I’m sure everyone has been there at some point in their career: called upon to present in front of a live (and likely important) audience. This leaves those of us who have outsourced our short-term memories to Google and iCal, and are unable to memorise and reel off new speeches like politicians, with a problem to solve: how to handle the need for notes?
Standing on stage holding pages of notes or even cards to read from won’t really do – it’s a bit unconfident and old-fashioned. Not very ‘TED’ in other words (unless you’re Jamie Oliver!). The same goes for a lectern to stand behind and read your typewritten pages – it does the job but it’s a bit dry and academic.
The slightly more modern version of this is ‘presenter mode’ in Powerpoint or Keynote – it’s less obvious you’re looking at the notes on your laptop but still means you’re rooted to the spot. Much better if the notes display appears on a monitor in front of the stage so you can move around and still see your prompts. But you just can’t guarantee the venue will be set-up that way.
You could flick through an iPad while you’re talking which definitely looks better than paper notes, but it’s not ideal is it? For one thing it’s a bit awkward to hold and scroll with one hand while holding a clicker in the other.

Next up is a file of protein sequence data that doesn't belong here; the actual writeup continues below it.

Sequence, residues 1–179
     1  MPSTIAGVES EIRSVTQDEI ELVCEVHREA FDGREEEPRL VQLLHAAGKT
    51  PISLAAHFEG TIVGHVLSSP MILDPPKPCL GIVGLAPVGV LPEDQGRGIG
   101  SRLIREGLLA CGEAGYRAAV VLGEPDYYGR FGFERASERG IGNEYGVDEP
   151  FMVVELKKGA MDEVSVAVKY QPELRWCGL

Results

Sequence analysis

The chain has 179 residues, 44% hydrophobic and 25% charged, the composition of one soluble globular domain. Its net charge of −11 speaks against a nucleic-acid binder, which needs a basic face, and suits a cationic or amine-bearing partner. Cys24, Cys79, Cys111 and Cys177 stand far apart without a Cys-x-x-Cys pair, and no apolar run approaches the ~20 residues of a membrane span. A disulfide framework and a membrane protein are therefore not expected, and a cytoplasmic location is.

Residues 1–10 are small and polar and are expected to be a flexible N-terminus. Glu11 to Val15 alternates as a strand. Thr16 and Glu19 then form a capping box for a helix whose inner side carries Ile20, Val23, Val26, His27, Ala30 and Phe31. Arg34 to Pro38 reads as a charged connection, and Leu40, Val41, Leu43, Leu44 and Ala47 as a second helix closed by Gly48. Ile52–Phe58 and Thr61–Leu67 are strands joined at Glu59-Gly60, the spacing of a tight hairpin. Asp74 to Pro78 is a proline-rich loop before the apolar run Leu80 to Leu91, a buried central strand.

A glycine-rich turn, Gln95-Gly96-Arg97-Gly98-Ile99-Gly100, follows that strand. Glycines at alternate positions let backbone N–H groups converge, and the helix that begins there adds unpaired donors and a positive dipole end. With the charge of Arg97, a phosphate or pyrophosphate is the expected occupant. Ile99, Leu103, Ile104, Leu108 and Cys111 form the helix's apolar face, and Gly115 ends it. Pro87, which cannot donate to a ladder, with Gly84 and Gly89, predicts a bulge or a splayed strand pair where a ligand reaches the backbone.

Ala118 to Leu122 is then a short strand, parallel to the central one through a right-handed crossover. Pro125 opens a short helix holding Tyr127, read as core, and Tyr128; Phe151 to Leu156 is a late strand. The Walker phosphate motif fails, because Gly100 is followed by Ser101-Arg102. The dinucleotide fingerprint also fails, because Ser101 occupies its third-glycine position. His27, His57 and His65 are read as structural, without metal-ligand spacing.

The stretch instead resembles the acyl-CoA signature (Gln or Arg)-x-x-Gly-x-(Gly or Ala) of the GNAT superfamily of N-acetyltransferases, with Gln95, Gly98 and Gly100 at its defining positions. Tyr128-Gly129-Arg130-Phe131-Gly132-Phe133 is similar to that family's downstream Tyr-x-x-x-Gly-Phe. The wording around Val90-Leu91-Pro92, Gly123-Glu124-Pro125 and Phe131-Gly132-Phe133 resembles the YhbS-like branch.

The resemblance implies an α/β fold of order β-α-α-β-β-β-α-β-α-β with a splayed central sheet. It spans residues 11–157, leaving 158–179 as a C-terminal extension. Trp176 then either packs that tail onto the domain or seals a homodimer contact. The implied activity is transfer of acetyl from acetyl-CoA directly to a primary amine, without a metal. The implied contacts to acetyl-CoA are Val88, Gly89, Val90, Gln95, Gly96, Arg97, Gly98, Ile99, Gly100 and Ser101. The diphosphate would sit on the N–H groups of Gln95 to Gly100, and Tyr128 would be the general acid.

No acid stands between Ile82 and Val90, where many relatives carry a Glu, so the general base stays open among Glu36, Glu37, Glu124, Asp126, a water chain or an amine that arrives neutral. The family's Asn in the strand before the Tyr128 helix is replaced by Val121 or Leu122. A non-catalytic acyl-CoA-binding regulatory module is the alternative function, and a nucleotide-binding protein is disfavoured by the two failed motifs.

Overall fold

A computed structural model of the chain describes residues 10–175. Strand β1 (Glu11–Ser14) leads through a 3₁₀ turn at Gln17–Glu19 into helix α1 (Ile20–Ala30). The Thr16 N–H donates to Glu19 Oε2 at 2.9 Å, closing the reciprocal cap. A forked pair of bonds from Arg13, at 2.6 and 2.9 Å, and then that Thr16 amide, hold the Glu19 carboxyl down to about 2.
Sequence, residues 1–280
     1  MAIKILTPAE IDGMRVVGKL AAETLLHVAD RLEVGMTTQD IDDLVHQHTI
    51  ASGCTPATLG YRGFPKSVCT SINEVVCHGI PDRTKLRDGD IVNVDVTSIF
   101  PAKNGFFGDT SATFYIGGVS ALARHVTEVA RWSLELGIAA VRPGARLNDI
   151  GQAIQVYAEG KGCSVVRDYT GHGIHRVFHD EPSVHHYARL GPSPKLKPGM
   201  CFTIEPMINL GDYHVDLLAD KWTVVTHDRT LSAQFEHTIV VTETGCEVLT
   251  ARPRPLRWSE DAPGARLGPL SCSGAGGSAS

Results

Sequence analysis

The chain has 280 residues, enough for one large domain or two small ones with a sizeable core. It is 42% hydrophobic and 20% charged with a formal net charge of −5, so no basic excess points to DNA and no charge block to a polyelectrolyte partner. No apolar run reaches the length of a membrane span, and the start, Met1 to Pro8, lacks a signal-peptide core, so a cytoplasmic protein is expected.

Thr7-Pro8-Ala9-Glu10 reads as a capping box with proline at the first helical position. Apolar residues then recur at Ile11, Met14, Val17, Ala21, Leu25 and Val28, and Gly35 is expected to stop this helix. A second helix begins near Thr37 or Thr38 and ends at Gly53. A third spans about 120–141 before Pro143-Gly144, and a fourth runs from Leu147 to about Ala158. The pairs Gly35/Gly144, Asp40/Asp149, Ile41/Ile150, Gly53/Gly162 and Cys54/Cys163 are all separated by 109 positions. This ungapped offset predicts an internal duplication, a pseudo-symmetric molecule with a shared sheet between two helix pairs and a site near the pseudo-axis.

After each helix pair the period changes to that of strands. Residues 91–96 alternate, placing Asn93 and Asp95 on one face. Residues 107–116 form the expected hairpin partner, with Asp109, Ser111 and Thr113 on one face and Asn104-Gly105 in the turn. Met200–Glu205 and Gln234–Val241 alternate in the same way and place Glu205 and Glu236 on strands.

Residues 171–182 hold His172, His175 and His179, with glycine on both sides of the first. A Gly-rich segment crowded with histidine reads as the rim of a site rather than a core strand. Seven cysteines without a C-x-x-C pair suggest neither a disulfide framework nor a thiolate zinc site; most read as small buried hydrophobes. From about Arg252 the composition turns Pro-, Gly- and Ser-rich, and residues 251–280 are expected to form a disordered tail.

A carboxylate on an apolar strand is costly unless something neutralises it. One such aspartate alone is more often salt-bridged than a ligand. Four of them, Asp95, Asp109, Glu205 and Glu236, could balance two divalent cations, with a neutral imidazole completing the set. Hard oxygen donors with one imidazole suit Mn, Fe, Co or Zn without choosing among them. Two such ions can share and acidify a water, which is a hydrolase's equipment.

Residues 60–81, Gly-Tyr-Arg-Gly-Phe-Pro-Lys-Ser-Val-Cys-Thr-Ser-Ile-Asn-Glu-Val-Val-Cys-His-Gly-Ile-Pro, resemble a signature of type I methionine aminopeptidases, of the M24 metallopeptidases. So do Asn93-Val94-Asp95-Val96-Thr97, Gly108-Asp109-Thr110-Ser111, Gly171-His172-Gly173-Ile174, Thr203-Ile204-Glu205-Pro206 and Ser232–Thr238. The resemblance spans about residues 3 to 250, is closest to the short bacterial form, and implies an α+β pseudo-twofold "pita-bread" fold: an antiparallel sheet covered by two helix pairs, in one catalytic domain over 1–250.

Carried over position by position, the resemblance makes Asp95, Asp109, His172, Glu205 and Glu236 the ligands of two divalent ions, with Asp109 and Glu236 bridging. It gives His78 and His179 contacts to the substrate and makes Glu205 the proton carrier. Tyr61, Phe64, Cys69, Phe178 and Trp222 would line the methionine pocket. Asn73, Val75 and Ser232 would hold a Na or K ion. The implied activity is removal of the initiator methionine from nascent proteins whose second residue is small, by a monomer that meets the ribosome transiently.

Why not just learn the speech then, you might say, it doesn’t need to be word perfect, and the slides themselves will contain visual and written cues? Fair point, but what if you have a very constrained amount of time – like a five minute pitch slot say – and you need to script your talk very tightly? In those situations wandering off script even briefly a couple of times can leave you 30 seconds over time by the end, which could mean being cut off before you finish.
It was one such recent occasion (we won’t reveal which!) combined with a sneaky trial of Google Glass that got us thinking that perhaps this would make a decent use case for the augmented reality wearable tech. After all simply being able to access ‘presenter mode’ visual cues and slide notes anywhere on stage would solve all of the above problems.
Perhaps the more adventurous or narcissistic presenters would also like to see a live Twitter feed with live reactions to their talk? Or record the presentation and stream it live to an online audience with related reference links attached?
Of course you’ve still got to get past the issue of standing on stage looking like a cyborg. But then again, imagine not having to memorize your speeches again. Ever.
Sold. “OK Glass, presentation please”…